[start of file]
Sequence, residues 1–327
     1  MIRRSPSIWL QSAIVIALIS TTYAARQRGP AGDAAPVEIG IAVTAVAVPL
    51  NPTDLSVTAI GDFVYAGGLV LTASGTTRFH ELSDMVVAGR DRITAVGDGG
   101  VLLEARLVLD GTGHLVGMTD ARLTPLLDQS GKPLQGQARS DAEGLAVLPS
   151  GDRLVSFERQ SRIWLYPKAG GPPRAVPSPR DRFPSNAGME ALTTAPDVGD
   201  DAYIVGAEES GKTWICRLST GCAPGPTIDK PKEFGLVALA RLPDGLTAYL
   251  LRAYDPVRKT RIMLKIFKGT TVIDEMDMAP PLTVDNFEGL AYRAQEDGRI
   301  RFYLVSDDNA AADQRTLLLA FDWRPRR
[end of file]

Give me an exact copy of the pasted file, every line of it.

Sequence, residues 1–327
     1  MIRRSPSIWL QSAIVIALIS TTYAARQRGP AGDAAPVEIG IAVTAVAVPL
    51  NPTDLSVTAI GDFVYAGGLV LTASGTTRFH ELSDMVVAGR DRITAVGDGG
   101  VLLEARLVLD GTGHLVGMTD ARLTPLLDQS GKPLQGQARS DAEGLAVLPS
   151  GDRLVSFERQ SRIWLYPKAG GPPRAVPSPR DRFPSNAGME ALTTAPDVGD
   201  DAYIVGAEES GKTWICRLST GCAPGPTIDK PKEFGLVALA RLPDGLTAYL
   251  LRAYDPVRKT RIMLKIFKGT TVIDEMDMAP PLTVDNFEGL AYRAQEDGRI
   301  RFYLVSDDNA AADQRTLLLA FDWRPRR